Japan Railway & Transport Review No. 52 (Front Cover)



In Japan, ‘Tama’ is a common name for a pet cat—it might be hard for JRTR readers outside Japan to believe, but a stray cat called Tama living in a railway station as well as the pet dog of a station employee have both been given ‘stationmaster’ status. Perhaps Japan has achieved a ‘specism-free’ society where even animals are given promotional opportunities? Joking aside, it is true that these animals have been made ‘stationmasters.’ In addition to making animal stationmasters, some railway operators are selling their own brand of soft rice crackers and have even decorated the interiors and livery of cars with pictures of popular comic book characters. These activities have all been implemented by railway companies calling for novel ideas and putting them into action as measures to overcome the effects of poor business performance and increase income, irrespective of appearances. Of course, this was done after taking many demand-growing measures, such as repeatedly encouraging trackside residents to use railways for commuting and shopping and promoting tourist attractions.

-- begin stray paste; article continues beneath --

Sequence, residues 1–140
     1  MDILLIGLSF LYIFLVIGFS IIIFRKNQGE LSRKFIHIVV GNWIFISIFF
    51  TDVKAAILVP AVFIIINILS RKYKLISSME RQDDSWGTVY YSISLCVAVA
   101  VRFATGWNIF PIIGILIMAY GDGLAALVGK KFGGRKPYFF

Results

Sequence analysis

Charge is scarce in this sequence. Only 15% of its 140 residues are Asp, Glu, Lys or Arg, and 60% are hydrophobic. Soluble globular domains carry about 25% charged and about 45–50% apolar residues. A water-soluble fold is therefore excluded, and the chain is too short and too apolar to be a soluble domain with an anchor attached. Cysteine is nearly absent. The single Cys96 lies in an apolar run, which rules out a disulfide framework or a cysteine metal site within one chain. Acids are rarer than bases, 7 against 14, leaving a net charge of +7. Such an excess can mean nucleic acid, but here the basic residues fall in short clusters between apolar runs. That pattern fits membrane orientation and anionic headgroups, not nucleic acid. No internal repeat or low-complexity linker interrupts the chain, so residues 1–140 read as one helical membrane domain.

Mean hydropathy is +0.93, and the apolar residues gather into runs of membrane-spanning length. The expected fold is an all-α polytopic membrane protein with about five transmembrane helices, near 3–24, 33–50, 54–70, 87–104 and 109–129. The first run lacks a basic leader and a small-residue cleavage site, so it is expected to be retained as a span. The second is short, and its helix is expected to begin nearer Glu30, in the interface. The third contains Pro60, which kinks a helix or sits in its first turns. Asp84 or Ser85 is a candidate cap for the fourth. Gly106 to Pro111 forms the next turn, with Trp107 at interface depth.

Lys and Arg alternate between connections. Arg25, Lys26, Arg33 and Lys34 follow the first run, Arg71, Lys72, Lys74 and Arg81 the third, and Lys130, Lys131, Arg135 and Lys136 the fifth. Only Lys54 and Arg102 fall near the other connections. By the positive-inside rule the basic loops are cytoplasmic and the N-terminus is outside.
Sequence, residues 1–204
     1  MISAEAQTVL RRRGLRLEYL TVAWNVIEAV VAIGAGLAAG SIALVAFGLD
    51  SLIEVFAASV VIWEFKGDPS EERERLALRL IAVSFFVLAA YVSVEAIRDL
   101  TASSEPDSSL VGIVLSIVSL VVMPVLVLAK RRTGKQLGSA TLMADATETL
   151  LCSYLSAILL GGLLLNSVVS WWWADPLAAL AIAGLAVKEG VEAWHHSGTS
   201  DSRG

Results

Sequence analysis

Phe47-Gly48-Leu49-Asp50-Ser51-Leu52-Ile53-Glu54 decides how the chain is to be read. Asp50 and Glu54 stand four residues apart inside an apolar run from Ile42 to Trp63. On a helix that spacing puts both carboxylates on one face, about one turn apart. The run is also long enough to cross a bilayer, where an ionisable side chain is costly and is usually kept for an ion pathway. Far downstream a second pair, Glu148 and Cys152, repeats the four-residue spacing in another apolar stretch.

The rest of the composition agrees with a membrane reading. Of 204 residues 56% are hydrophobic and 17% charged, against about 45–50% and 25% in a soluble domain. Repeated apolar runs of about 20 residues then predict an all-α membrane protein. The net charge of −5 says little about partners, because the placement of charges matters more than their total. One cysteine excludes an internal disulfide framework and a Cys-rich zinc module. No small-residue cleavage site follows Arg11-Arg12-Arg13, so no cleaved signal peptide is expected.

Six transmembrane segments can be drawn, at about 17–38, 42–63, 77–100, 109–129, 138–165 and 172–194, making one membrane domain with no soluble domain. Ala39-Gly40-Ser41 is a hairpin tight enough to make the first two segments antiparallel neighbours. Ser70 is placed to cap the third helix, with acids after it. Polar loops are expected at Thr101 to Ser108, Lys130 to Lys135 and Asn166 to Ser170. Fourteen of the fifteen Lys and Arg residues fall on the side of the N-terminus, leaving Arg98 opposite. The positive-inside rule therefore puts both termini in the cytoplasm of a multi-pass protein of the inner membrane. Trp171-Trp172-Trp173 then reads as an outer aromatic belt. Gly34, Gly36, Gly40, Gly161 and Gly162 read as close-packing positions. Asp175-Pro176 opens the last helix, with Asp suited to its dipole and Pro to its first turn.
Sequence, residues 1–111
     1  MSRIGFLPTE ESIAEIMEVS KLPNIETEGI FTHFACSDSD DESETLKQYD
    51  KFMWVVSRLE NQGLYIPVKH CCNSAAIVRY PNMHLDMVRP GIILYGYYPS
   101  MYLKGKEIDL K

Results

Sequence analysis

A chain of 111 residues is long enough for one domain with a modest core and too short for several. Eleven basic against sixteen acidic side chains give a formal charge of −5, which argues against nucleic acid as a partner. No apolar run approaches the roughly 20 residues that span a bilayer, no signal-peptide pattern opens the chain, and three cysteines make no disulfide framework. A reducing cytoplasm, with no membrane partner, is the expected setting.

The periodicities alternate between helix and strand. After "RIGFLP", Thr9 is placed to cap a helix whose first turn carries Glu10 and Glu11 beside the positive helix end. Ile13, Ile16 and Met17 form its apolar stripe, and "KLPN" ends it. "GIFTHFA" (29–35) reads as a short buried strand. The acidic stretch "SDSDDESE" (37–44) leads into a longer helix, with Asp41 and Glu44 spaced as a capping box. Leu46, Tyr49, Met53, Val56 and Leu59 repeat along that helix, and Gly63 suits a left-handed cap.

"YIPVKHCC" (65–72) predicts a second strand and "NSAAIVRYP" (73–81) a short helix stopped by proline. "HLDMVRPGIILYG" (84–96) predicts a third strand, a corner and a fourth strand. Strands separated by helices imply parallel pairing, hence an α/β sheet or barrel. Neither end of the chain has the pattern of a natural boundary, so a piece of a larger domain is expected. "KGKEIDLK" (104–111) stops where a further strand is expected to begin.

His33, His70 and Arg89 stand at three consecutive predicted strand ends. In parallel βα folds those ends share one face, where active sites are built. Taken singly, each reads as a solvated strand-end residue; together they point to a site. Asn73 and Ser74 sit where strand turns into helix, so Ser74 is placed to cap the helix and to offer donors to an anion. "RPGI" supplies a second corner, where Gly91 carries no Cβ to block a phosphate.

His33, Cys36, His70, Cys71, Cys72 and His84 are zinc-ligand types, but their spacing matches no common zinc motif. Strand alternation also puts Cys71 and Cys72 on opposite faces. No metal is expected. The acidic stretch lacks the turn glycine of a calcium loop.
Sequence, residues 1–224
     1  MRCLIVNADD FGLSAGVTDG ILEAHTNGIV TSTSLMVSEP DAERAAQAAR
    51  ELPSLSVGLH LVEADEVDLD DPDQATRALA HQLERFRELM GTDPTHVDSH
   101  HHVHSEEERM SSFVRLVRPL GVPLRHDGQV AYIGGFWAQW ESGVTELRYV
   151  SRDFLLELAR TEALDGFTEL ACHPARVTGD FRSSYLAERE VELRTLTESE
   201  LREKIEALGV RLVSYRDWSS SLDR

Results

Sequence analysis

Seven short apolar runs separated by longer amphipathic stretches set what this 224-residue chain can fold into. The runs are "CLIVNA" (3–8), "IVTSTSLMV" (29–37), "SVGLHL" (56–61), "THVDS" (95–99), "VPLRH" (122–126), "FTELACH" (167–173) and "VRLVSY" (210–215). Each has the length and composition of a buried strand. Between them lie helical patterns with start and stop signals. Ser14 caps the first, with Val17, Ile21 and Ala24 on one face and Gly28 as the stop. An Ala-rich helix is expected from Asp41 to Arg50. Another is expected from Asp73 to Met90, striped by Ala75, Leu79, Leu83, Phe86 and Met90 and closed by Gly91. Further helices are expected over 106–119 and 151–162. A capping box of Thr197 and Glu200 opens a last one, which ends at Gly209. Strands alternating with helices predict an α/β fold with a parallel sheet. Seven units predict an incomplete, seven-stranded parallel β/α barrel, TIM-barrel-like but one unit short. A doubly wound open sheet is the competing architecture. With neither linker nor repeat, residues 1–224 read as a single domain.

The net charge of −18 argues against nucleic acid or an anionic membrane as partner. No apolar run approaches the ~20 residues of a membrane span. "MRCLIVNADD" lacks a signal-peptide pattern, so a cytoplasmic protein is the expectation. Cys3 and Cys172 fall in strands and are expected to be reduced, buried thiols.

While there are exceptions, many of Japan’s private regional railways are small-scale in terms of capital and they have long faced difficult business conditions. Contrast this situation with that of Japan’s 8 car manufacturers (excluding bus and truck companies) listed on the Tokyo Stock Exchange and topped by Toyota. Their influence over industry, government, and people is tremendous; their advertising features top Hollywood stars—while regional railways use stray cats. This disparity clearly demonstrates the difference in power between the two transport modes. Although financial and competitive strengths may not be the same thing, in Japan, where free competition decides the survival of transport systems, the day when services on many regional lines are slashed in half is probably coming soon after managements have exhausted all promotional efforts and no buyers appear. From then on, it is only a short downhill ride to closure.
K. Aoki